November 7, 2020 | Permalink | Comments (0)

Monday, November 2, 2020

Unconstitutional Food Inequality (Prof. Andrea Freeman)


Professor Andrea Freeman published a new article entitled Unconstitutional Food Inequality in the Harvard Civil Rights and Civil Liberties Law Review where she argues racial disparities in food-related deaths and disease are vestiges of slavery and colonization that have persisted for too long. Rhetoric around personal responsibility and cultural preferences obscure the structural causes of these disparities. Regulatory capture by the food industry makes reform through the political process unlikely or subject to severe limitations.

Inequality and Food | Town Halls on Inequality

As such, her article explores the structural causes of food inequality by examining how two U.S. Department of Agriculture nutrition programs, the Food Distribution Program on Indian Reservations and the National School Lunch Program, contribute to food-related health disparities. First, it traces food inequality back to slavery and colonization. Most slave owners carefully rationed out food to fuel labor but prevent revolts. On almost all plantations, enslaved people ate a non-nutritious diet that led to a plethora of nutrition-related illnesses and deaths. Similarly, colonization occurred in great part through the destruction of Indigenous foodways. Land theft, displacement, and the intentional elimination of food sources led to starvation and illness. Lack of access to healthy food still represents one of the most significant obstacles to Black and Indigenous Peoples’ full participation in society, contributing to lower life expectancy, serious illness, and cultural erasure. The Reconstruction Amendments provide a constitutional basis for challenging these two USDA nutrition programs, in addition to other laws and policies that lead to health disparities and food injustice.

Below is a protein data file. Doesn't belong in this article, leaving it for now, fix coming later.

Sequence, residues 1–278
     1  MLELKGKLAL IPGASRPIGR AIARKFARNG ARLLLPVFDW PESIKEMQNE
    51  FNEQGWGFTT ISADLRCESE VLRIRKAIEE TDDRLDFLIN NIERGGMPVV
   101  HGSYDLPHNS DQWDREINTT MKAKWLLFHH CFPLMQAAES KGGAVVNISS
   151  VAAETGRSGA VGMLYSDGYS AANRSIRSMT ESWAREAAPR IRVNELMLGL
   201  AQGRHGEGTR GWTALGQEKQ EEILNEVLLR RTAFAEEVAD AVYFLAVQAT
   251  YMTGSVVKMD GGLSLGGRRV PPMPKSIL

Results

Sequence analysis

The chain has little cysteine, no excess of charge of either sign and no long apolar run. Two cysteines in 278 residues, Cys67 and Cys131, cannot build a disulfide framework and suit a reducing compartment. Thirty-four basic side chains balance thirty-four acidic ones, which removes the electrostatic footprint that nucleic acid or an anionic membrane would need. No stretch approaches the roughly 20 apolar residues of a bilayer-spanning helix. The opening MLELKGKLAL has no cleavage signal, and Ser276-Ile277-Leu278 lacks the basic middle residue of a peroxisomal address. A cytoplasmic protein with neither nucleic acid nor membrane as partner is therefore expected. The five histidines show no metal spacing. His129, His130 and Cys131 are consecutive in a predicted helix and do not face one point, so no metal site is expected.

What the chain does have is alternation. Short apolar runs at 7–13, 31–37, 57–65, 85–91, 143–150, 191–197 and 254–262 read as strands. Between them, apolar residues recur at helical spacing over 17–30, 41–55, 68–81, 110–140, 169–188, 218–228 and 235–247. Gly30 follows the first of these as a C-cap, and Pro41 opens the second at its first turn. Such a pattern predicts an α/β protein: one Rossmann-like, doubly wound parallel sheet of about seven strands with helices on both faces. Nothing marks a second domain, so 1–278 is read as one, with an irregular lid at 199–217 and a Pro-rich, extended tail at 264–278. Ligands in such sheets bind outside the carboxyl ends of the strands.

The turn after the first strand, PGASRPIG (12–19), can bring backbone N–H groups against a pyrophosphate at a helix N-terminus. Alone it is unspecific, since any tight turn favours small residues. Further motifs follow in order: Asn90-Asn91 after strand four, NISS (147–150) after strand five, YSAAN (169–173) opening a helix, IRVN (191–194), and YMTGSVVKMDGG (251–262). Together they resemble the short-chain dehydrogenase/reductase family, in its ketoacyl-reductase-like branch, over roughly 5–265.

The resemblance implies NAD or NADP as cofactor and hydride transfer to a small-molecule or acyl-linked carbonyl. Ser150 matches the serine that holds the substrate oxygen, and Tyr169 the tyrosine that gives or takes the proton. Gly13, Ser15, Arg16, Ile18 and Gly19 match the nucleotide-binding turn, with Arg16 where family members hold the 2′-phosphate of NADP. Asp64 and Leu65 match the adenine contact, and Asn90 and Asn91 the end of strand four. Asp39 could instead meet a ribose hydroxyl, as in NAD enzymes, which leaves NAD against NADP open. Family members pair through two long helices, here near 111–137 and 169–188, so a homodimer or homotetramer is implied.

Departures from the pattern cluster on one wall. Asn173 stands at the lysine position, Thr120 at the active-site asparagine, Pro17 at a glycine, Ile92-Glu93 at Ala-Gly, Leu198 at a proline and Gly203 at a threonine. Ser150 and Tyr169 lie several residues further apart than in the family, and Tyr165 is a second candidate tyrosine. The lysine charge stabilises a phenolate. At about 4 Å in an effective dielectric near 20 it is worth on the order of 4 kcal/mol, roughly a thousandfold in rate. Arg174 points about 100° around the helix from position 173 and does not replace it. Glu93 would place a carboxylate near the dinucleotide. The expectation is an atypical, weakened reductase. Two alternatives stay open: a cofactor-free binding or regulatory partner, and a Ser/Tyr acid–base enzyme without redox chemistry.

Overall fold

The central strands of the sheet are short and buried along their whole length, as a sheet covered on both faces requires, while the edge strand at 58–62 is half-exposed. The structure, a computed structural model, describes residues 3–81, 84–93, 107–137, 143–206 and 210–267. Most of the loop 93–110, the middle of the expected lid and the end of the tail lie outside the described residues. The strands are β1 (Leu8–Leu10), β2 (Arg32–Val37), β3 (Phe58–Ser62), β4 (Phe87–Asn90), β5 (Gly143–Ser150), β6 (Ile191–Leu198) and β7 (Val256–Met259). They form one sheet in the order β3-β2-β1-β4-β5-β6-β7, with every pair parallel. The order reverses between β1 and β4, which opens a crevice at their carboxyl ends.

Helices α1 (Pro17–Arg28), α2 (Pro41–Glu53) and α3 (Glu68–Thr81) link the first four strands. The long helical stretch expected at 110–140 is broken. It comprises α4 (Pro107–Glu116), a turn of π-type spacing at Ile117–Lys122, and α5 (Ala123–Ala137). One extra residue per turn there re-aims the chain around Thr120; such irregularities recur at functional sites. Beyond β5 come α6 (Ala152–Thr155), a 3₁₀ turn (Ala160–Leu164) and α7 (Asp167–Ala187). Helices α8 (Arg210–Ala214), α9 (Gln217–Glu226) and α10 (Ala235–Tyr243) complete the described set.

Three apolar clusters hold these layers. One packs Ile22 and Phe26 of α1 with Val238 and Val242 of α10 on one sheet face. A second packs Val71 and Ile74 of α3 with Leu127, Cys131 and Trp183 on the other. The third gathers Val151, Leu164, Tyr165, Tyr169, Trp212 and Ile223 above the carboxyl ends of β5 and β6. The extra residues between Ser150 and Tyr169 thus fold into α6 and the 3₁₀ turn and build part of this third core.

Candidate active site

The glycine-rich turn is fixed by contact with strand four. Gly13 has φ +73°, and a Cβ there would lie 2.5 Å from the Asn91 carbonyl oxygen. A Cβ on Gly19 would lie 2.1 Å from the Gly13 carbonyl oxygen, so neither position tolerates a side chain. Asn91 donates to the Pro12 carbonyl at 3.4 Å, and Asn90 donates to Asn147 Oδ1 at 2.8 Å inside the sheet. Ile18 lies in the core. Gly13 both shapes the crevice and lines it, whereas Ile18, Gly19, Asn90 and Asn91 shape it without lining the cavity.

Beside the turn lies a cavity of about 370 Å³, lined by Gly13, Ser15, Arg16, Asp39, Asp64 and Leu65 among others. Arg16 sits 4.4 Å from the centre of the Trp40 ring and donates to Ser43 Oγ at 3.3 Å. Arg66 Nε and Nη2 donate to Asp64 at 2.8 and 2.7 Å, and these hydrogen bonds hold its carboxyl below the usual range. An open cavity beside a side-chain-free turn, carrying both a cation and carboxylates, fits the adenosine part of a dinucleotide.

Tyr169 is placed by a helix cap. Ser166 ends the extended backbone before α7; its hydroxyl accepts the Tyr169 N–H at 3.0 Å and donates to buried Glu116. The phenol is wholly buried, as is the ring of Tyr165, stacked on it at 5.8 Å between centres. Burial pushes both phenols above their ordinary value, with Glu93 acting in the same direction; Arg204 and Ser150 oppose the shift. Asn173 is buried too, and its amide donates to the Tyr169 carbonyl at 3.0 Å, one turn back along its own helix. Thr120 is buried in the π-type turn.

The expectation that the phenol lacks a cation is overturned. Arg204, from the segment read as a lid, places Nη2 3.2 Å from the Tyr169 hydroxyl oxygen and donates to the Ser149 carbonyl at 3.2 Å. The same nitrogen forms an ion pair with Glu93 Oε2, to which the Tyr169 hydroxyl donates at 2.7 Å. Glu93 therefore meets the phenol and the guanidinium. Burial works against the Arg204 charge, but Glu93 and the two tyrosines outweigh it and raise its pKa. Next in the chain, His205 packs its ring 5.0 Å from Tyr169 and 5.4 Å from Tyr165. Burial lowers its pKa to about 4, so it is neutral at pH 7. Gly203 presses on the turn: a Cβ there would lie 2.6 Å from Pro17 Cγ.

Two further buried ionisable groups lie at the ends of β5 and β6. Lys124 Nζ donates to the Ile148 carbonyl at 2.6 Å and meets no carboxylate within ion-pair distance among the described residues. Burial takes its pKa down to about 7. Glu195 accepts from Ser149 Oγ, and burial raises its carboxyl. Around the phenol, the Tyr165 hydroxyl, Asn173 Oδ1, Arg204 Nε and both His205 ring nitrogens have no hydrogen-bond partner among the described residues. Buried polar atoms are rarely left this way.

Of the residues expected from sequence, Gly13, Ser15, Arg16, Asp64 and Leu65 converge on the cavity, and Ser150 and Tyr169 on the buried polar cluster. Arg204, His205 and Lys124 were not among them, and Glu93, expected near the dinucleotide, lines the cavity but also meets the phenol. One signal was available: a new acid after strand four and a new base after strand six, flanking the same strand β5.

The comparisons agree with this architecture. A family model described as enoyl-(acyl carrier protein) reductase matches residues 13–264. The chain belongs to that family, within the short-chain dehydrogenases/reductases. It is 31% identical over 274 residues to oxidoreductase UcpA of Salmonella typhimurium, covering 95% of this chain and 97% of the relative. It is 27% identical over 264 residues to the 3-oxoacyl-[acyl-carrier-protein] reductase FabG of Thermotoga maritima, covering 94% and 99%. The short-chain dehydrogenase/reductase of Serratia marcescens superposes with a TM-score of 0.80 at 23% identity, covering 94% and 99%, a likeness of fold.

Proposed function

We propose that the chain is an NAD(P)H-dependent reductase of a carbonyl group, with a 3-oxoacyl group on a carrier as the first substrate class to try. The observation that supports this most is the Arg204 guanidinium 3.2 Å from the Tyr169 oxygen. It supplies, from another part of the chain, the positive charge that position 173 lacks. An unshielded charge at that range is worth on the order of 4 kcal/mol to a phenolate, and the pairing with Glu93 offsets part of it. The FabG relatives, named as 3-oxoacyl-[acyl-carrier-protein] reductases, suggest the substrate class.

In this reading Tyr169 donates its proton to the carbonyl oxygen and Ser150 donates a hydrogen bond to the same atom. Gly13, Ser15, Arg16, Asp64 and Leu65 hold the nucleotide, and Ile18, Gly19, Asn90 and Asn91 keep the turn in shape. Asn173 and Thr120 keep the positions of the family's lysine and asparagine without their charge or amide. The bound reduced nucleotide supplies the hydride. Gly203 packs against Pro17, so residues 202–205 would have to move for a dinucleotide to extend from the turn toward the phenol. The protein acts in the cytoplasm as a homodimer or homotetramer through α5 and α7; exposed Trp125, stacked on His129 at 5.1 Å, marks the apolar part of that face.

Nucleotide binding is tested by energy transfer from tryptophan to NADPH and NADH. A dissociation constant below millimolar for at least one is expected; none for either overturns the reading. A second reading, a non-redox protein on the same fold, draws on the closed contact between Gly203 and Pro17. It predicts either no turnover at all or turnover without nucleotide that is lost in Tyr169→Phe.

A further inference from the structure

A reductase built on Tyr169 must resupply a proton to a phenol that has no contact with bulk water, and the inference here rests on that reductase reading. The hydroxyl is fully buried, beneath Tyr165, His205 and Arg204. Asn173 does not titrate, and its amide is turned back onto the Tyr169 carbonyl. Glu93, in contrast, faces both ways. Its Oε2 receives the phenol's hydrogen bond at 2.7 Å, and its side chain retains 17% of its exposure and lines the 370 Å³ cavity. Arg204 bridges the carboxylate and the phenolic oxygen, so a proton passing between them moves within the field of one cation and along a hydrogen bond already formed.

To read the full article, click here.


November 2, 2020 | Permalink | Comments (0)